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#SquatLife Journey

Today, I start another go around of #SquatLife. What exactly is that? Judging by the name I bet anyone could guess it has to do something with squats/squatting. Proceed no further because that is exactly what it is:

Squats. Squatting. Squat Every Day.


^ Cory Gregory (#SquatLife)

I have enjoyed some previous runs of squatting daily over the past year and a half, reaching just over 120 days once and up to 60 on another occasion. My legs and core were solid during those stretches. All of my lifts, squats and deadlifts, went up. Throw in some lunges from time to time and we are looking at a rock solid foundation.

Right now you might be thinking that is absurd. I respond with, “Is it truly absurd? Do we squat daily already and not realize it?” Squatting daily happens whether you are a fitness enthusiast or couch potato. Every time you sit to stand, reach down for objects, get out of the car or bed and pick up the baby…with decent form, you are squatting.

So…is squatting daily with weights still crazy? I think not. Attacking the legs once or twice a week is just not going to cut it for those of you who have big aspirations for heavy deadlifts, sexy and toned legs or looking to lose weight.

Squatting is not easy. Not many people go to the gym and squat even once a week. The legs are composed of some of the biggest muscles in the body. We also use these muscles more than most other muscles. Training such large muscles is no easy task. It requires effort and hard work, hence the potential to lose weight (versus spending 2+ days a week on arms and shoulders only). Not to mention most activities (both for sport and daily life activities) are lower body dominant movements).

Are we getting the picture yet?


^ Steph Curry (NBA MVP)

Why squat daily then?

  1. Performance
  2. General mobility
  3. Reduces injuries
  4. Because we sit too much

These are but a few reasons why to squat everyday.

What type of squats?

Barbell squats, front squats, overhead squats, dumbbell and kettlebell squats, olympic movements that transfer into squats, air squats…the list goes on for different variations. The need to use weights is not always necessary either. Some days you may not have access to weights. Just squat then.

The more repetitive a motion the more efficient you will become at it. Some days can be heavy lifting days, some days can be workload days and other days can be mobility/technique work days. The goal stays the same though: SQUAT EVERYDAY.

The benefits outweigh the risks. The only risk you truly run if done properly is staying the same performance and mobility wise. Squatting daily can increase your performance is squatting of course, but it can also enhance your deadlift and the ability to perform other lower exercises as well. In fact, it will also help with just about any upper body exercise that requires a solid support base and foundation. Your core will also get stronger as well. Your ankle, knee, hip and lower back ROM will also increase. Your muscles in the lower body, core and upper back will become less tight, leading to less hip, knee and lower back pain.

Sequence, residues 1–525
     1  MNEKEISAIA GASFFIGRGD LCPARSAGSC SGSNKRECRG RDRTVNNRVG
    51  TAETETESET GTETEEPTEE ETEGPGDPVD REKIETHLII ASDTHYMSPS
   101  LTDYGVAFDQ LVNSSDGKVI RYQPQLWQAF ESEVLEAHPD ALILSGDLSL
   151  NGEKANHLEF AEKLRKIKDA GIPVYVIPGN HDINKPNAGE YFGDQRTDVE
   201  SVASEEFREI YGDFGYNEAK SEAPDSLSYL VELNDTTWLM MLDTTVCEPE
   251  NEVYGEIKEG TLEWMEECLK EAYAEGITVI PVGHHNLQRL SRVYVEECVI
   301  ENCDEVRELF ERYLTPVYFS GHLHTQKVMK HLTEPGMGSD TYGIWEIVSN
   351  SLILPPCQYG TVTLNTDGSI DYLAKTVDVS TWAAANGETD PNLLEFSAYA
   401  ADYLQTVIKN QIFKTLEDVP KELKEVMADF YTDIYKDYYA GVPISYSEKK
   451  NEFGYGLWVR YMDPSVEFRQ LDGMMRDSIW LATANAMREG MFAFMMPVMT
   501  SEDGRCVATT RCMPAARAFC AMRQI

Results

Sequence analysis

^Kelly Starrett (Mobility WOD guy)

If the benefits > risks, what exactly are the legitimate risks? Overuse? No, because if you constant vary the motion and resistant your body will adapt and get stronger. Truthfully, the only risk you run is improper recovery (both sleep and nutrition). If your sleep is consistent and your nutrition supports the workload, there should be little to no risk for injury.

Disclaimer, performing any type of exercise does put you at risk for injury. The need for proper technique and training load is important. I do not expect a beginner to come in and perform squats, front squat, overhead squats on the regular. Progression is vital in this case. Air squats and PVC pipe squats daily are possible and welcomed.

With regards to the volume of training in squatting daily, I have a story told by Cory Gregory in his discussions with the legendary Frank Zane. Cory asked Frank about how does his body feel after the years of heavy lifting, all the competing he did and what that did to his body. Frank simply replied by saying,

“I have so many friends that never trained or took care of themselves. Their bodies hurt from doing little hard work. I hurt from some of my injuries due to years of training, but I feel and look pretty good for 70 years old. I came to the realization that you are going to hurt either way. So, I would say I would rather look good and hurt, then look bad and hurt.”

Regardless of whether or not you pushed your body to the limit in life, aging will takes it toll on the body no matter what. Doing nothing to acquire strength, endurance and mobility in life will leave you sick, fat, weak and nearly dead if anything tough happens. Lifting weights, playing sports, riding ATVs and so on causes stress to the body too, in the form of many injuries more than likely. Either way, in old age the body will break down naturally. However, you can spend those years in bad health or spend the years looking good still and having the stamina, strength and endurance to live life to the fullest…pain or not.


^ Frank Zane far left. Lou Ferrigno far right

Moral of the story:



2 thoughts on “#SquatLife Journey

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